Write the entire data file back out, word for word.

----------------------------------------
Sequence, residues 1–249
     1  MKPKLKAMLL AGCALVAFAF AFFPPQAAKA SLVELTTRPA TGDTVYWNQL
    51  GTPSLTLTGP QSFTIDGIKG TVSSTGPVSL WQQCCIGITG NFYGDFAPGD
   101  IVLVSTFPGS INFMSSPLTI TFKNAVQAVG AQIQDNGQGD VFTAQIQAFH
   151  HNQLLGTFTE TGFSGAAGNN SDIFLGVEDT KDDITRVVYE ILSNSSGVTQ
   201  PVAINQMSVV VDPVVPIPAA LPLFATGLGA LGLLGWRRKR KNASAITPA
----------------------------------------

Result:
Sequence, residues 1–249
     1  MKPKLKAMLL AGCALVAFAF AFFPPQAAKA SLVELTTRPA TGDTVYWNQL
    51  GTPSLTLTGP QSFTIDGIKG TVSSTGPVSL WQQCCIGITG NFYGDFAPGD
   101  IVLVSTFPGS INFMSSPLTI TFKNAVQAVG AQIQDNGQGD VFTAQIQAFH
   151  HNQLLGTFTE TGFSGAAGNN SDIFLGVEDT KDDITRVVYE ILSNSSGVTQ
   201  PVAINQMSVV VDPVVPIPAA LPLFATGLGA LGLLGWRRKR KNASAITPA